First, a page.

Chronic pain series helps public to see the 'invisible'
Re: Chronic pain series, Oct. 1-5
The series typified the reality of people who live with chronic pain. I am thankful for those pieces of journalism. Most of the public still doesn't understand what chronic pain sufferers live with.
My daughter suffers from a number of "invisible" yet crippling disabilities including endometriosis. She is an attractive, engaging, committed and hard-working 26-year-old forced to rely on opiates to get through her day.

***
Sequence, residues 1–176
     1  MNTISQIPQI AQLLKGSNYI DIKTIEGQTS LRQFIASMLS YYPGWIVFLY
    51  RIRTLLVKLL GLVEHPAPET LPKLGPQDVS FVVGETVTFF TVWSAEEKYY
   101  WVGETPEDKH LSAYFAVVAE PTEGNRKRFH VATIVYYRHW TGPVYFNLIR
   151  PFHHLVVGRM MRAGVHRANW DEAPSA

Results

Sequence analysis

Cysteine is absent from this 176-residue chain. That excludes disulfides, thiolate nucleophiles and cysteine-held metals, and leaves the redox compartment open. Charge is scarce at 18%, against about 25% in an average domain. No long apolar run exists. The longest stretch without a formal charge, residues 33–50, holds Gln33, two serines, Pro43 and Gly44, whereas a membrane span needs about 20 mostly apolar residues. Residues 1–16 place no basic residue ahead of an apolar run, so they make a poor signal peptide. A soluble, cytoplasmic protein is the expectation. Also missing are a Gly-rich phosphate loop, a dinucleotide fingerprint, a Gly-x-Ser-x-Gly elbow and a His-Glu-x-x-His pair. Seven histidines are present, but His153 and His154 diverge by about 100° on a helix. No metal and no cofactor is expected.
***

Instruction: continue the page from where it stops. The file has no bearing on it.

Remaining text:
Some days she can't get out of bed. Some days her entire body feels like it's been beaten. Some days the pain is "manageable."
Some days she can't function because she has had to take too many opiates to squelch the pain.
People would never guess she is sick because she looks so "beautiful." And every day she needs to justify her illness to someone because it isn't something you can see.
Her good fortune is that she has the support, strength and courage to carry on. Through her family, a few friends and excellent health care professionals she has advocates who do understand.
Chronic pain can be a life sentence - lack of knowledge about it doesn't have to be.
Read more: http://www.vancouversun.com/health/Chronic+pain+series+helps+public+invisible/5536855/story.html#ixzz1aeDpkw1L